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25 Nov 2002 : Column 105Wcontinued
Mr. Grieve: To ask the Secretary of State for the Home Department what discussions he has had with the Chief Commissioner of Police for the Metropolis concerning the current advertising campaign by the Metropolitan police to encourage police officers of Thames Valley to leave their employment and work in the Metropolitan police; and if he will make a statement. 
It is healthy to have a degree of interchange of experience between police forces, to allow officers to pursue their personal and career development. But we have made clear that it is essential that recruitment exercises should be conducted in a responsible manner that does not cause operational difficulties for colleagues in other forces.
Linda Perham: To ask the Secretary of State for the Home Department what assessment he has made of the trends in assaults on workers in the retail sector; and what action he has taken in the light of such assessments. 
Mr. Denham: Statistics are not collected on a regular basis about assaults on shop staff. However, we have launched the first independent crime victimisation study of the retail and manufacturing sectors for 10 years. This will gather valuable information about the types of crime businesses suffer and help in developing the best ways to tackle these. In May 2002 we issued XDon't Discount Crime", a new user-friendly crime reduction guide for retailers. This is of particular relevance to small retailers and includes basic guidance on what steps to take to reduce crime as well as what to do in crime situations. The Health and Safety Executive (HSE) also published "Work- related violence: managing the risk in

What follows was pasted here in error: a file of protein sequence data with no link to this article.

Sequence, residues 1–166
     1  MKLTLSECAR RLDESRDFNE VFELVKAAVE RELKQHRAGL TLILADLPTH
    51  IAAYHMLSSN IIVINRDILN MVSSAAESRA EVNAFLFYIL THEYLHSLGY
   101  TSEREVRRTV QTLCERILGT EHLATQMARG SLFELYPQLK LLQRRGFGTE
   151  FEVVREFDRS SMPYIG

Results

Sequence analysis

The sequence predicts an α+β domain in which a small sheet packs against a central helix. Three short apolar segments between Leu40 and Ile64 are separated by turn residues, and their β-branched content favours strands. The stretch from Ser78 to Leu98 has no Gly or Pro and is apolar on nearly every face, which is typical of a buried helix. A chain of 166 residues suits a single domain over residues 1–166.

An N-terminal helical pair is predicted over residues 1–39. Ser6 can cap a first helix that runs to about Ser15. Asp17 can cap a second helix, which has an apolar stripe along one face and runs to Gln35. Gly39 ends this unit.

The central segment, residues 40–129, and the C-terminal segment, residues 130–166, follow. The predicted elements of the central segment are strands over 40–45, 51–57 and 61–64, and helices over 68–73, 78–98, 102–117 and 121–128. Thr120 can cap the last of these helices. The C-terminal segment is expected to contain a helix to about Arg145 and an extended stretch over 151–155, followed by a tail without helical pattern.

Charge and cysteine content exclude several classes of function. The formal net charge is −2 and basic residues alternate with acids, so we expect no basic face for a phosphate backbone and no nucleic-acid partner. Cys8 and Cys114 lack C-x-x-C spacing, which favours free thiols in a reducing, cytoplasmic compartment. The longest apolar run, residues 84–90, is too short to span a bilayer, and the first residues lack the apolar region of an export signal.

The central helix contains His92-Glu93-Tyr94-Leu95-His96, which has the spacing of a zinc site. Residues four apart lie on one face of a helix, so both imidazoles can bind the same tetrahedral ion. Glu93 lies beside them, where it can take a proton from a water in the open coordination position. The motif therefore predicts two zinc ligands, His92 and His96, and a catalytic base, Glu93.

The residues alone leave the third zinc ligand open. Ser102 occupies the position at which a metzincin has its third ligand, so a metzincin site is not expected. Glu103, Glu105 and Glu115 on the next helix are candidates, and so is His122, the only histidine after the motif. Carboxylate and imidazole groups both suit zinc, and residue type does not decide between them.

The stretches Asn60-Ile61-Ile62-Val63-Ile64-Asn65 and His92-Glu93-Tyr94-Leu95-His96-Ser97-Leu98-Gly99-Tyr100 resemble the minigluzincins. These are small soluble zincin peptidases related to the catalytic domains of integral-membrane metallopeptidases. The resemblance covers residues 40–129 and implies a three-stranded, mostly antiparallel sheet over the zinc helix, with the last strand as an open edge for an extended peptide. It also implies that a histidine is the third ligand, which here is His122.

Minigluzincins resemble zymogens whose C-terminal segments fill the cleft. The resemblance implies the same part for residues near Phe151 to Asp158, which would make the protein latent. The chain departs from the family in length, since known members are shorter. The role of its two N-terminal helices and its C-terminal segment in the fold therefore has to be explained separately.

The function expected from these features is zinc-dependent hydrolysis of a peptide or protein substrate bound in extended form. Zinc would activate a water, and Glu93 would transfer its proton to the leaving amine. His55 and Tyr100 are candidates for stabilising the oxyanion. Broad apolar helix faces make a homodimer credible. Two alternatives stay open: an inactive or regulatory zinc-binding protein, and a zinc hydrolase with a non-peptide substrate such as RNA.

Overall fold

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Mr. Blunkett: There is no single national alert system. Different systems apply in various public sectors, and there is a range of alert systems for critical industries, aviation and maritime interests, dependent on the circumstances of each. These are based upon assessments provided centrally.
Mr. Bob Ainsworth: Chapter 11 of the Home Office publication, XFirearms Law: Guidance to the Police", provides an overview of the shotgun certificate procedure. The guidance was published in March this year, but has been available on the Home Office website since December 2001.